On Friday I announced my first full-length short story sale. This sale will allow me to qualify for an SFWA membership, which has been a milestone I’ve aimed for. It was also my second sale to Mike Resnick at Galaxy’s Edge and sixth overall professional sale. But there’s a little bit of a story behind it.
Martian Maintenance started as a flash fiction story I wrote for an anthology call about a hotel that has a lot of weird things that happen in it. Obviously, I didn’t crack the slushpile for that call, but the editor had a lot of nice things to say in her rejection letter. The story is far more humorous and with a snarky narrator, very different than anything I’ve written before. So when the rejection came I sat on the piece, unsure of what to do with it next. Humor is a bit of a hard sell in Science Fiction magazines.
I go on Youtube quite frequently to watch interviews with a lot of popular writers on their inspirations and creative processes. I happened to watch one with Mike Resnick and in the interview, he mentioned that he wished there was more humor in Science Fiction. It clicked that I was still sitting on Martian Maintenance so I sent it off to Galaxy’s Edge on Wednesday.
On Thursday night I got the rejection slip. My heart fell until I saw that it was a little longer than the usual form. I’ve received a few personal rejections from Mike since my original sale to him and there’s always useful info so I gave it a read. He didn’t like the resolution of the story and invited me to submit again. It was a rewrite request, my first!
Friday morning I was pretty unsure of what to do. I reread the story several times but couldn’t figure out what was wrong with the ending or how to rework it. I sent it over to two writer friends to get opinions and ideas. The story ended up clicking in my head and in a flurry of words, I had a new ending typed up in about fifteen minutes. I reread the story for errors twice and once aloud and sent it off before I could second guess myself. An hour and a half later I got an acceptance letter. I was stoked.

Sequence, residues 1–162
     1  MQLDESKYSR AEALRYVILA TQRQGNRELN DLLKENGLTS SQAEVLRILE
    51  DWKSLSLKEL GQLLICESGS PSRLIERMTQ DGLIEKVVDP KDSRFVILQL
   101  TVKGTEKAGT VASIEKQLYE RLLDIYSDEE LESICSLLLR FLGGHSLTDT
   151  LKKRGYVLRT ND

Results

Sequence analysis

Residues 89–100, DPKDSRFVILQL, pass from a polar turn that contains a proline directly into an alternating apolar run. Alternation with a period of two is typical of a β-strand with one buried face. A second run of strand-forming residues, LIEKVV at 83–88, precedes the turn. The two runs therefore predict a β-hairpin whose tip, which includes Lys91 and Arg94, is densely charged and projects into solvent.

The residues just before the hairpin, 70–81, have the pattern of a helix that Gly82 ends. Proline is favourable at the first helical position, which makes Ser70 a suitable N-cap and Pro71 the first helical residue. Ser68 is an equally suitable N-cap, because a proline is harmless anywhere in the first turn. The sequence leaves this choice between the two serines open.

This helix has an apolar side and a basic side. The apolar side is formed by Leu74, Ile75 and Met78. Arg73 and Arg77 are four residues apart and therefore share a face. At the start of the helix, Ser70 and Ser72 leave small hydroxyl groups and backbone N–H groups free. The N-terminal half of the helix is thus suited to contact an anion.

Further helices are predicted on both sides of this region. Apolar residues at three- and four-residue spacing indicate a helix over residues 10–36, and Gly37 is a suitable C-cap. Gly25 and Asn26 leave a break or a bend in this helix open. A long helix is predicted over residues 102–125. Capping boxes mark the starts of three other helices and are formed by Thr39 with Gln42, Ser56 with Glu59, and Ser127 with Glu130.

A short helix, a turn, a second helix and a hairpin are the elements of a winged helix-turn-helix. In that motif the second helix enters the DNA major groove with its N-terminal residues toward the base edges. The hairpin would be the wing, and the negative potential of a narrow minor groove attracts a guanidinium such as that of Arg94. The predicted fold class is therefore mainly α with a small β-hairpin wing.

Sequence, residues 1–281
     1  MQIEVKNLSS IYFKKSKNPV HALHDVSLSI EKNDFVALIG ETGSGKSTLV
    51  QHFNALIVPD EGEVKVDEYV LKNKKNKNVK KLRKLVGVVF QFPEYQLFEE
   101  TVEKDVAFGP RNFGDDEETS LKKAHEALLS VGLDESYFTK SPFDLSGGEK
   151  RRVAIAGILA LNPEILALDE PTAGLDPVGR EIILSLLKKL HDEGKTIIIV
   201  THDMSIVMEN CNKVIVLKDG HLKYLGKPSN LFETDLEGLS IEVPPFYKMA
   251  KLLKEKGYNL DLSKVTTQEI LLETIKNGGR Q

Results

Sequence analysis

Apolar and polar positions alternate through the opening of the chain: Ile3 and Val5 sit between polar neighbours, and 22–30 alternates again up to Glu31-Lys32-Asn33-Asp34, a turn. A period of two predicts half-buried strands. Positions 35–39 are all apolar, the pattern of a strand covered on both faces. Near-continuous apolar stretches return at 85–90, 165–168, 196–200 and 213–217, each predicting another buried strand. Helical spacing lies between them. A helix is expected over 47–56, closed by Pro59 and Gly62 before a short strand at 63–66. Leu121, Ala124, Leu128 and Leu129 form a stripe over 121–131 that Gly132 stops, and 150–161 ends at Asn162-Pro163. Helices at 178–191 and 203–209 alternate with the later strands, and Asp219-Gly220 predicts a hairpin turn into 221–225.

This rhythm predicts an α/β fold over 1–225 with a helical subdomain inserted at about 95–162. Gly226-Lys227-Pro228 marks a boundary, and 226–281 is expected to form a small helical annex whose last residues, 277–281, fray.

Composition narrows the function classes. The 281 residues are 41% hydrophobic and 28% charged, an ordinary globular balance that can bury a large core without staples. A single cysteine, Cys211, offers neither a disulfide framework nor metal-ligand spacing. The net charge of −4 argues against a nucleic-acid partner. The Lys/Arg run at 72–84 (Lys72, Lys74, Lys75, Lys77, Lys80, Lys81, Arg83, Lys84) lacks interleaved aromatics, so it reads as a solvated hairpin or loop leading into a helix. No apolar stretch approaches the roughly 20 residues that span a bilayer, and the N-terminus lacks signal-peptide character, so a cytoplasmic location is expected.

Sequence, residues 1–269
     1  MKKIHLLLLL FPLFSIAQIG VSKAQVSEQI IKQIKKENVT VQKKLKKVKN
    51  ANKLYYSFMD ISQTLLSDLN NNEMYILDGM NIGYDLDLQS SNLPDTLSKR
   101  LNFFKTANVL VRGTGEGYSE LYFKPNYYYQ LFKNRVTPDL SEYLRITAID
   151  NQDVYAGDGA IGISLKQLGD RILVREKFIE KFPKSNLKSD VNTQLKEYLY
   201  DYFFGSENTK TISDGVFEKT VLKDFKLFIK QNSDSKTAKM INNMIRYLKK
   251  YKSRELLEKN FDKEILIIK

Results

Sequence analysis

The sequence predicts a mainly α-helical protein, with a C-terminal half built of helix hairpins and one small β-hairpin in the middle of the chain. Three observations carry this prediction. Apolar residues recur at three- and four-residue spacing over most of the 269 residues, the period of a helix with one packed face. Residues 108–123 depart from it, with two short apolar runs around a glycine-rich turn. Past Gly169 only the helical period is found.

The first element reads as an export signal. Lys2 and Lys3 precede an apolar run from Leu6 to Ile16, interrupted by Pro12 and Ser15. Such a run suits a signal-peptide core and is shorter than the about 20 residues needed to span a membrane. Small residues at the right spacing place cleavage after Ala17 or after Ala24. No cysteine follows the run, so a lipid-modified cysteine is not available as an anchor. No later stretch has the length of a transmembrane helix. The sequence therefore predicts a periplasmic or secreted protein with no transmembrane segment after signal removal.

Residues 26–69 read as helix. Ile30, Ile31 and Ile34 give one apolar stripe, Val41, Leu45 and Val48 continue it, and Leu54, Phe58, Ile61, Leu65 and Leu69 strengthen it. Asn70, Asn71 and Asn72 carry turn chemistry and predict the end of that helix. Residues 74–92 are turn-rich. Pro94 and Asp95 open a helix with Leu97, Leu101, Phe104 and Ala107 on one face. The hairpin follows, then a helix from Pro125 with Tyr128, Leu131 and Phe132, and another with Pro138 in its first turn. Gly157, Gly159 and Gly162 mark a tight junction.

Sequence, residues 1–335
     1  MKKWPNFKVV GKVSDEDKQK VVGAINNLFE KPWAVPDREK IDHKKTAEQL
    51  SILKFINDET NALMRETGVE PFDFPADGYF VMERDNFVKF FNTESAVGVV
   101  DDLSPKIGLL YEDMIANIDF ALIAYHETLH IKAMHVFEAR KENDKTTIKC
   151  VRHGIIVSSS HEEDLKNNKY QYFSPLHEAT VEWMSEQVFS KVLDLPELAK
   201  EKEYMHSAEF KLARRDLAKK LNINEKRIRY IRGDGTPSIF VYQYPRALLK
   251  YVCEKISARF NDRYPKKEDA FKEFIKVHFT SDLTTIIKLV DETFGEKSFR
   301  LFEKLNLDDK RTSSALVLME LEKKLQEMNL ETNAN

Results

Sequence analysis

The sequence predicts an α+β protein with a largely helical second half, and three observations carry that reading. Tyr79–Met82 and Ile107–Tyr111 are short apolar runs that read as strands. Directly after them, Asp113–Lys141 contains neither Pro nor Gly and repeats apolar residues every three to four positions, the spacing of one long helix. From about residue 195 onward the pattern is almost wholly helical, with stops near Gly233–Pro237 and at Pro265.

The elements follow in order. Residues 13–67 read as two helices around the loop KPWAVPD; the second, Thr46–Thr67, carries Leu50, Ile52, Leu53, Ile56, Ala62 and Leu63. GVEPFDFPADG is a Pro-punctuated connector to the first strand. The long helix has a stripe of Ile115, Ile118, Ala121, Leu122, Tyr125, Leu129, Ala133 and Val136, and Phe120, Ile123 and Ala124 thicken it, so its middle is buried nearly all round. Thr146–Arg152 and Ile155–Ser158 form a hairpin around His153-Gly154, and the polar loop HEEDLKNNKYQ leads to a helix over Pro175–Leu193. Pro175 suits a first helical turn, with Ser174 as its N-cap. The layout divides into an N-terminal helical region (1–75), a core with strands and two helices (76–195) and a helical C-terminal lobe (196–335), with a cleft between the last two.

In the revision process, the story started just under 1k words. I trimmed 150 words off of it to get rid of the old ending and then doubled the size of the piece to an end word count of 1,655 words. I wasn’t sure he’d like the length size increasing so much but I was pleased to have a story solidly in short story territory sell.
Overall, it was a fun and exciting experience to get a rewrite request and deal with the pressure of getting it right. I’m working on a secret short story for a third party IP that I’ve been straining to get written as well as an original short story so it was nice to get a break with a different kind of pressure. Succeeding felt great and working on multiplle things at once and writing under pressue made me feel like a real true writer for the first time in my life. It feels great.